US currency manipulation threat puts Asia on guard
Market news selected by the DBS Chief Investment Office
Asia is bracing for the latest US Treasury report on foreign currency manipulators, coming in the middle of a trade war that shows no sign of ending.
The twice-yearly report is due in coming weeks and will likely see the return of Singapore, Malaysia, and Vietnam on the watchlist. The three Southeast Asian nations were cited in the May report for the first time, and the Treasury says it keeps newcomers on the list for at least two straight reports. China – which was formally labelled a currency manipulator in August – Japan, and South Korea were the other Asian economies cited at the time.
For China, dynamics around trade negotiations with the US may influence whether the nation retains its “currency manipulator” label. Both countries appear to have agreed on a “phase one” deal for now, though Chinese officials have yet to confirm any agreement. Here is a look at how some of the countries stack up against the Treasury’s criteria:
Singapore: The city state found its place on the watchlist in May for its massive Current Account surplus of almost 18% of GDP and intervention in the foreign exchange market.
Unlike other central banks, the Monetary Authority of Singapore (MAS) conducts policy by intervening in the foreign currency market rather than setting interest rates. And it has made it clear that the intervention is to keep inflation under control, not to manipulate the currency for export advantage.
The central bank has pledged more transparency in its foreign exchange purchases, a move lauded by the Treasury in its last report.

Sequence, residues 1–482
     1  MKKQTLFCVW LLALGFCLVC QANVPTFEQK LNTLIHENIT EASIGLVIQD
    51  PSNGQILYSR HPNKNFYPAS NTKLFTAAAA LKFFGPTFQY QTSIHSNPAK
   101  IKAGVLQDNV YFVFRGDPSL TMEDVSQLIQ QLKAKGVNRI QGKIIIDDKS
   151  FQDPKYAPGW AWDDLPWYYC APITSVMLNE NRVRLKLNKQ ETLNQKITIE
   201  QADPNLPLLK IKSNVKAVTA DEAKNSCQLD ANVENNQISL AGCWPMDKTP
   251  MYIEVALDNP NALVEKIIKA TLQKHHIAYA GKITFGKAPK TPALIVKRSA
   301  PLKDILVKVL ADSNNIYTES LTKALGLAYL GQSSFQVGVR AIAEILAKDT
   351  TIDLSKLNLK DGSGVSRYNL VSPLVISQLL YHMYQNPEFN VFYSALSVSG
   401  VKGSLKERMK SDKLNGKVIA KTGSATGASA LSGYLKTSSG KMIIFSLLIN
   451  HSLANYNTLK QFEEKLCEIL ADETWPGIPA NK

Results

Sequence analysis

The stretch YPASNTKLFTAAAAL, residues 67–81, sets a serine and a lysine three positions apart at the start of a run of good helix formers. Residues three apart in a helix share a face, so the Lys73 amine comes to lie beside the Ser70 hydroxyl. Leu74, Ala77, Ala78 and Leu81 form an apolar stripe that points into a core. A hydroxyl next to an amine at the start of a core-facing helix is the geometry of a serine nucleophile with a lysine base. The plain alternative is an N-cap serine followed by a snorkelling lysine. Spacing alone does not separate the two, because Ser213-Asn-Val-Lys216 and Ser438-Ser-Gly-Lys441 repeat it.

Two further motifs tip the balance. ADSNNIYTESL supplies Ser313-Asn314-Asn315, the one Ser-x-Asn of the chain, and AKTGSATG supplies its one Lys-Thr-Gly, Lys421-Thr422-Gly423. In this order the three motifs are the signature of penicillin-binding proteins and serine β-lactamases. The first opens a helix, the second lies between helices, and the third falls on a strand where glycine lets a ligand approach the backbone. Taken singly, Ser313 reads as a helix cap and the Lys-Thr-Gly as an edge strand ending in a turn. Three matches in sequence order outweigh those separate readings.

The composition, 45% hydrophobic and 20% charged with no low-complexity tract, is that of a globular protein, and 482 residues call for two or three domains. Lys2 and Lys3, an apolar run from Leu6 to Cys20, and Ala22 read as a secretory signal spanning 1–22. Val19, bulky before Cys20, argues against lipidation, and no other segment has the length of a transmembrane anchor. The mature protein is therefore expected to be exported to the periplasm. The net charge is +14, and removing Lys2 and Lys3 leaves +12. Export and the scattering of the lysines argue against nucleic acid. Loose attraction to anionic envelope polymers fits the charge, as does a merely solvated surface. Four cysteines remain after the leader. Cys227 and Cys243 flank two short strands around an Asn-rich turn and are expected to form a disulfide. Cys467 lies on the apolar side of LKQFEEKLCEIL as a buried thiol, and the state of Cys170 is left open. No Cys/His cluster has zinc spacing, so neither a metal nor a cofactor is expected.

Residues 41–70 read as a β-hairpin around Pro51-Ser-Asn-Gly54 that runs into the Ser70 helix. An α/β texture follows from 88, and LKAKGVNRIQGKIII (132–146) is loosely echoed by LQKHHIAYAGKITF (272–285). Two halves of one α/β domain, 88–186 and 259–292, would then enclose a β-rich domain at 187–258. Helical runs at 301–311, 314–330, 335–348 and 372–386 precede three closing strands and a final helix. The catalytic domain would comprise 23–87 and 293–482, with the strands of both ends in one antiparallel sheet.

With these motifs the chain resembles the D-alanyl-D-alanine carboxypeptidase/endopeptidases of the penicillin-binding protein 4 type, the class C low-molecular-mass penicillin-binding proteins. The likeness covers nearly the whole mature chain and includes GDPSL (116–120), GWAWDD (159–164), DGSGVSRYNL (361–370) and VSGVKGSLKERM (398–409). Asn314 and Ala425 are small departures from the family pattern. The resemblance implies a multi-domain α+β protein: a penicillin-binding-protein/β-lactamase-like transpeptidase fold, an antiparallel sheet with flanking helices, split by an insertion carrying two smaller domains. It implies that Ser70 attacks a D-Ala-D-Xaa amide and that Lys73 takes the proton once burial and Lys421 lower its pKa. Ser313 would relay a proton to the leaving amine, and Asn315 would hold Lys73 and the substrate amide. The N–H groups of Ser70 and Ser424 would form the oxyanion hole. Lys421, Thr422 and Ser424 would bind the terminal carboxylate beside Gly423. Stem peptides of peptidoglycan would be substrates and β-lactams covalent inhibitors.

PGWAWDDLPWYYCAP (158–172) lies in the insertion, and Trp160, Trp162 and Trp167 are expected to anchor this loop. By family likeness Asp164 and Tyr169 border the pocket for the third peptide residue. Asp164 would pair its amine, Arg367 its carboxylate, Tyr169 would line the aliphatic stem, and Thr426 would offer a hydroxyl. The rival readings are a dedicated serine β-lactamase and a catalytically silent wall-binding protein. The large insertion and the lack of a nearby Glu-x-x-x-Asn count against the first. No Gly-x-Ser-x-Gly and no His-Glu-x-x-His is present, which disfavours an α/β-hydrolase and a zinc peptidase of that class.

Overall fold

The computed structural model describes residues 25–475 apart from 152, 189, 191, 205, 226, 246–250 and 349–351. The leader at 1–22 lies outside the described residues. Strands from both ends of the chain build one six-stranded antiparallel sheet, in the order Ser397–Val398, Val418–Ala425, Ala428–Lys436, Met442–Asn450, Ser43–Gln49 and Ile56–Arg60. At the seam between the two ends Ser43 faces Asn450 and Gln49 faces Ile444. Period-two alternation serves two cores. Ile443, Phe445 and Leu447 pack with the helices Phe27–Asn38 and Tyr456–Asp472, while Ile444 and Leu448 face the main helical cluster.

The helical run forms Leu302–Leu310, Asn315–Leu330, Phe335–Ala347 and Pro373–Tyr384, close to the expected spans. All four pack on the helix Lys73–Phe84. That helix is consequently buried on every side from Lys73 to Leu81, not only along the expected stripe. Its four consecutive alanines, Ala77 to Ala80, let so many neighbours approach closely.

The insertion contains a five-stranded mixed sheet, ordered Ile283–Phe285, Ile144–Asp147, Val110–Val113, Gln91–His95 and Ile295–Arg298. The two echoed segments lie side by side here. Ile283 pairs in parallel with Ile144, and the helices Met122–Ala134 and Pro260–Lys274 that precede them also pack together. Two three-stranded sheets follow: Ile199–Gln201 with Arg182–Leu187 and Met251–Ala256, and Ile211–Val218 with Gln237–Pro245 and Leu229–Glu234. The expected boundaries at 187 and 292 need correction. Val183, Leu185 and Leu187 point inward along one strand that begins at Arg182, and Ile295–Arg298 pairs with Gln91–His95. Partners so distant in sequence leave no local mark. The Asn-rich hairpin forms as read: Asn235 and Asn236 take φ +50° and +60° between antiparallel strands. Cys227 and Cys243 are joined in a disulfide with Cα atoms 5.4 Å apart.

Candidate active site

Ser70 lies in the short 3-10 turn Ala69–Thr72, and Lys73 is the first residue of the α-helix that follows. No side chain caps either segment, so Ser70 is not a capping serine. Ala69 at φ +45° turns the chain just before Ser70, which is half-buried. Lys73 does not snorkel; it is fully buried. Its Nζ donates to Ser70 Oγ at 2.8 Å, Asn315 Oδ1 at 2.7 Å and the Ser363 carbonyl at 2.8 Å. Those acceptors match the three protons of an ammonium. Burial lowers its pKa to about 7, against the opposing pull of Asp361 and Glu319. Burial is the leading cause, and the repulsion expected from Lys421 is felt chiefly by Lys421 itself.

Malaysia: Malaysia was cited for its USD27b goods surplus with the US and a Current Account balance that squeaked just above the 2% mark. The trade surplus with the US does not appear to have shown much improvement, given that its year-to-date tally earlier this month is about unchanged from the same period in 2018. On the Current Account, the surplus has widened since the Treasury’s May report, reaching 3.06% of GDP in the second quarter.
Vietnam: What saved Vietnam from violations in all three categories in May was the Treasury’s interpretation that foreign exchange intervention was made in both directions in order to better link the Vietnamese dong to the greenback, and that there was “reasonable rationale” for rebuilding inadequate reserves. Analysts see that patience running out for the next report, especially with Vietnam exceeding both of the other two thresholds.
Rest of Asia: Thailand, which successfully dodged the watchlist in May’s report, could find itself in the crosshairs this time as its trade surplus with the US in the 12 months through August nears USD20b and its Current Account surplus remains above the 2% threshold.
Japan is likely to be flagged on two of three violations again – a goods trade surplus with the US that has already climbed to more than USD48b so far this year, and a large Current Account balance. In its latest monthly report on the issue, Japan maintains that it is still not intervening in the foreign exchange market. – Bloomberg News.
The US Dollar Index (DXY) slipped 0.04% to 97.491 on Wednesday (23 October), the pound rose 0.31% to USD1.2912, the euro gained 0.04% to USD1.1130, and the Japanese yen weakened 0.18% to 108.69 per dollar.
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